Dr. Charles "Pat" Davis, MD, PhD, is a board certified Emergency Medicine doctor who currently practices as a consultant and staff member for hospitals. He has a PhD in Microbiology (UT at Austin), and the MD (Univ. Texas Medical Branch, Galveston). He is a Clinical Professor (retired) in the Division of Emergency Medicine, UT Health Science Center at San Antonio, and has been the Chief of Emergency Medicine at UT Medical Branch and at UTHSCSA with over 250 publications.
Steven Doerr, MD, is a U.S. board-certified Emergency Medicine Physician. Dr. Doerr received his undergraduate degree in Spanish from the University of Colorado at Boulder. He graduated with his Medical Degree from the University Of Colorado Health Sciences Center in Denver, Colorado in 1998 and completed his residency training in Emergency Medicine from Denver Health Medical Center in Denver, Colorado in 2002, where he also served as Chief Resident.
inability to walk up more than one flight of stairs,
changes in appetite,
loss or gain of weight,
swollen legs, and/or
mass in breast.
After obtaining the history, a physical exam will be performed, focusing on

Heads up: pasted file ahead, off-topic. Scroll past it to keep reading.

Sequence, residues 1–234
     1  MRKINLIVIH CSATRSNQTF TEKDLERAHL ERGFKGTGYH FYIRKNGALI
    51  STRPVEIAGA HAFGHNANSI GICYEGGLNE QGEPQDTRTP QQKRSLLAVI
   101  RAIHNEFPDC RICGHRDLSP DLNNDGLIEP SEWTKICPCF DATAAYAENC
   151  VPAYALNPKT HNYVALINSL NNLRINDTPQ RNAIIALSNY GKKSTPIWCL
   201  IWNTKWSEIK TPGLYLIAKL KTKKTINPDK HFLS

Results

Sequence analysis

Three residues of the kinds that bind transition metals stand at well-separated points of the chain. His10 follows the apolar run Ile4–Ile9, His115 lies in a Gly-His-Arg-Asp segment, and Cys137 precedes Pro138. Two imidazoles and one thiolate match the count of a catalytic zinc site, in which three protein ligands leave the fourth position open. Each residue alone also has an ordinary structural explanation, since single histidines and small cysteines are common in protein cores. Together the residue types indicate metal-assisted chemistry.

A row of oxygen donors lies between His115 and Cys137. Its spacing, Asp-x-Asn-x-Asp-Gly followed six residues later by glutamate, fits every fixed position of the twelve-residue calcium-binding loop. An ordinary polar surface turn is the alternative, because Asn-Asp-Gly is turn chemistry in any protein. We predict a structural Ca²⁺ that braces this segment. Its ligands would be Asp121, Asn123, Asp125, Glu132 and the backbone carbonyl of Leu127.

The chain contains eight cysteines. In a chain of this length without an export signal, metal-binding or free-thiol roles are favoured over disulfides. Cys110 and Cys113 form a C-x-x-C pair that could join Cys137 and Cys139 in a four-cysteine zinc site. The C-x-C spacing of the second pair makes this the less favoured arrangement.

the patient's vital signs (weight, blood pressure, heart rate, temperature,
breathing rate). The doctor will observe the patient's general appearance,
listen to the heart, lungs, and abdomen, and may perform a pelvic and rectal
exam. The doctor may order some of the following tests depending on the
suspected underlying cause of the fatigue.
Blood tests provides information about an infection, anemia, or other blood
abnormalities or problems with nutrition.
Urinalysis provides information that might point to diabetes, liver disease, or
Chem-7 looks at 7 common substances circulating in the blood. It consists
of electrolytes (sodium, potassium, chloride, and bicarbonate), waste products
of metabolism cleared by normally functioning kidneys (BUN and creatinine) and
the source of energy for the body's cells (glucose).